Saturday, July 9, 2011, 4 p.m. Open House Party & Potluck, Saturday, July 9, 4 p.m., Basking Ridge, NJ.
RSVP to [email protected]
Saturday, May 21, 1-4 p.m. EcoCenter Update. At the Morristown EcoCenter, 55 Bank Street, Morristown, NJ 07960.
Saturday, April 16, 1-4 p.m. "Haiti & Us: The Leading Edge of Sustainable Development." At the Morristown EcoCenter, 55 Bank Street, Morristown, NJ 07960. A copy of the update presentation has been posted here.
Saturday, March 19, 1-4 p.m. "Creating the Morristown EcoCenter." Held at 55 Bank Street, Morristown, the site of the proposed EcoCenter.
Saturday, February 19, 1-4 p.m. Monthly meeting, ""A Profound Transformation in Consciousness," Morris County Library, Whippany, NJ. Click here for details.
Saturday, January 15, 1-4 p.m. Putting Idealism into Practice: Tour of Half Moon House. Click here for details.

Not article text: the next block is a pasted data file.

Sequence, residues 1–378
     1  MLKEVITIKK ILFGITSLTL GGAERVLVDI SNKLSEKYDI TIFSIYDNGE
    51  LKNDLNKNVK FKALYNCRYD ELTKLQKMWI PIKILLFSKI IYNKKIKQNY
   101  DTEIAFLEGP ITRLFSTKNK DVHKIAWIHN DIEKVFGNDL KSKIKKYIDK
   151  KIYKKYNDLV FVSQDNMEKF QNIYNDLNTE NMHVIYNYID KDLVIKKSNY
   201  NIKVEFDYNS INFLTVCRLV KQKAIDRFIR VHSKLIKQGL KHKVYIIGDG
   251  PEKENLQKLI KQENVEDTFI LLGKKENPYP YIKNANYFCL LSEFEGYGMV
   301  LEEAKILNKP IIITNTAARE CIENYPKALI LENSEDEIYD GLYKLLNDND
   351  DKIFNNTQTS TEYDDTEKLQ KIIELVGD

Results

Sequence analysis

Saturday, December 18, 1-4 p.m. Challenge & Strategy Session: "Reinventing Wealth," followed by our annual "Potluck for the Planet" from 4 to 8. Click here for details.
Saturday, November 20, 1-4 p.m. Challenge & Strategy Session: "How Do We Measure Sustainable Value?". Click here for details.
Saturday, October 16, 1-4 p.m. Challenge and Strategy Session: "Toward a Sustainable Growth Strategy for New Jersey".
Download the slide presentation here, and the discussion paper here.

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Leadership Quotes

"Nearly every man who develops an idea works it up to the point where it looks impossible, and then he gets discouraged. That's not the place to become discouraged."
(Thomas A. Edison—thanks to Regan Caton)

"Life isn't about finding yourself. Life is about creating yourself.” (G.B. Shaw)

"There is the true joy of life: to be used by a purpose recognized by yourself as a mighty one; to be thoroughly worn out before being thrown on the scrap heap; to be a force of nature instead of a feverish, selfish little clod of ailments and grievances complaining that life will not devote itself to making you happy." (G.B. Shaw)

"Leadership is a privilege to better the lives of others. It is not an opportunity to satisfy personal greed." (Mwai Kibaki, President of Kenya - thanks to Christine Comaford, Rules for Renegades)